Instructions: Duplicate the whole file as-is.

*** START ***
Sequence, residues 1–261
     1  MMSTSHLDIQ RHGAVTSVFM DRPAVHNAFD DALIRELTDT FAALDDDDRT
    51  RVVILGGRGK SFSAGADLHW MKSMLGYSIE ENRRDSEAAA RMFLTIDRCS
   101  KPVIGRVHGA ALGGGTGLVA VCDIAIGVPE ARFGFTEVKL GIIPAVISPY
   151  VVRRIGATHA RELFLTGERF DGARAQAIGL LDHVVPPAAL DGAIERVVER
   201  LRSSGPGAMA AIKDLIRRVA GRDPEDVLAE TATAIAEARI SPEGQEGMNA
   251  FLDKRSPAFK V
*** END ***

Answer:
Sequence, residues 1–261
     1  MMSTSHLDIQ RHGAVTSVFM DRPAVHNAFD DALIRELTDT FAALDDDDRT
    51  RVVILGGRGK SFSAGADLHW MKSMLGYSIE ENRRDSEAAA RMFLTIDRCS
   101  KPVIGRVHGA ALGGGTGLVA VCDIAIGVPE ARFGFTEVKL GIIPAVISPY
   151  VVRRIGATHA RELFLTGERF DGARAQAIGL LDHVVPPAAL DGAIERVVER
   201  LRSSGPGAMA AIKDLIRRVA GRDPEDVLAE TATAIAEARI SPEGQEGMNA
   251  FLDKRSPAFK V